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Summary

  1. MLAs discussed Brexit and the impacts on Northern Ireland.
  2. Members debated the final stage of the Budget (No. 2) Bill.
  3. The First Minister, Arlene Foster, and the Infrastructure Minister, Chris Hazzard, took to the floor in question time.
  4. The communities minister brought a number of motions to the house on the draft welfare supplementary payment regulations.

Live Reporting

By Robin Sheeran and Brooke Allen

All times stated are UK

Good evening

Deputy Speaker Patsy McGlone adjourns the assembly. 

Join us tomorrow morning for another plenary session starting at 10:30 BST.

Draft Renewables Obligation Closure Order

Economy Minister Simon Hamilton introduces a motion calling on members to approve a statutory rule.

He explains that the renewables obligation, or NIRO, has been the mechanism for incentivising renewable energy production in Northern Ireland since 2005.

The order refers to small-scale onshore wind power generation.

The minister says the threat to renewables industry is such that he felt the NIRO should close on 30 June.

Economy Committee chairperson Conor Murphy supports the move.

The motion is passed on an oral vote.

Draft Landlord Registration Scheme Regulations

Peter Weir introduces another motion on behalf of the Communities Minister.

The Draft Landlord Registration Scheme Regulations are approved on an oral vote.

Regulations agreed

The Draft Discretionary Support Regulations are agreed. 

Motion: Draft Discretionary Support Regulations

Mr Weir introduces a motion on Draft Discretionary Support Regulations. 

"Discretionary support is unique to Northern Ireland and will seek to assist those on low incomes, working or non-working, when an extreme, exceptional, or crisis situation arises, preventing a significant risk to the health, safety or well-being of either the person making the application, or their immediate family " he says. 

Regulations approved

Disability graphic
Thinkstock

Peter Weir responds to the debate and thanks members for their interest in the motions, "even when they have been opposing them". 

The motion on the Draft Welfare Supplementary Payment (Loss of Disability Living Allowance) is not agreed on an oral vote and the house divides. 

The regulations are approved. 

The motion on the Draft Welfare Supplementary Payment (Loss of Disability-related Premiums) is agreed on an oral vote.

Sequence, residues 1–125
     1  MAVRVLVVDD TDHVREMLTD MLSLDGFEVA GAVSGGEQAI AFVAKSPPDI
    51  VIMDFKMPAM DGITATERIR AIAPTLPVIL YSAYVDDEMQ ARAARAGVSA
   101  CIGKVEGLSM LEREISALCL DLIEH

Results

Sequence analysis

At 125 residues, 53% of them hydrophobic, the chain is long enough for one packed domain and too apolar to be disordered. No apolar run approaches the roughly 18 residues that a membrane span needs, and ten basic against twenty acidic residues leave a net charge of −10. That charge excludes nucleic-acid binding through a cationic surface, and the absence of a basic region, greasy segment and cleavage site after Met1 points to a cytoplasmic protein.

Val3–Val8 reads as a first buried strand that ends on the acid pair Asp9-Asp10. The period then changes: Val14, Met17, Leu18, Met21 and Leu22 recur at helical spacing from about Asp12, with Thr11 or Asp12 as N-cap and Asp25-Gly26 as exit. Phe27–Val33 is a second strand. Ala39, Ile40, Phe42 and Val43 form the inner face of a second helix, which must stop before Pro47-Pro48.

The final motion on the Draft Welfare Supplementary Payment (Loss of Carer Payments) is also agreed on an oral vote. 

'Offends basic concepts of decency'

Sinn Féin's Fra McCann rises to support the motions. 

On the other hand, TUV Leader, Jim Allister, agrees with Andy Allen, that the perpetrator of a terrorist attack, who causes his disability out of his own act, is to be compensated and treated in the same way as an innocent victim. 

"The is amoral and it is something that offends basic concepts of decency," he says. 

"I am astounded that a minister from the DUP benches brings forward such an obscene proposal". 

UUP objections

Andy Allen
BBC
Andy Allen

Colum Eastwood, the Communities Committee chairperson, says, on behalf of the committee, he recommends that the assembly approves all 3 motions. 

However, Ulster Unionist Andy Allen, says the party "does not support the proposed mitigation for conflicted-related injury cases". 

"This will see perpetrators who set out to cause death, and indeed left many with disabilities, to receive the same mitigation package as innocent victims," he says. 

Welfare Supplementary Payments

Peter Weir
BBC

Education Minister Peter Weir brings three motions on Welfare Supplementary Payments on behalf of Communities Minister Paul Givan, who is unable to attend.

The motions concern mitigating changes to payments following the introduction of welfare reform legislation.

The Budget Bill passes

The Budget No.2 Bill passes on a cross community vote

The house divides

The house divides for a cross-community vote.

The minister responds

The Finance Minister, Máirtín Ó Muilleoir, makes his concluding remarks, responding to MLAs who spoke on the debate. 

With Brexit dominating many of these remarks, the minister says we "must not be blind to the crisis that is unfolding". 

"In this budget we have made choices and I stand by those choices," he says. 

"I believe I present to the house, a budget that will meet our needs in the time ahead". 

200,000 jobs

Declan Kearney
BBC

Declan Kearney of Sinn Féin says it is "unacceptable that the democratic will of this region should be overruled by English voters".

He says that "200,000 jobs in Ireland directly and indirectly depend on 1.2bn euros worth of trade north and south on the island every week".

"Brexit directly weakens all of that and more."

Ministers to meet Taoiseach over Brexit

Northern Ireland Assembly tweets

'Pause and reflection' on corporation tax

Purse
BBC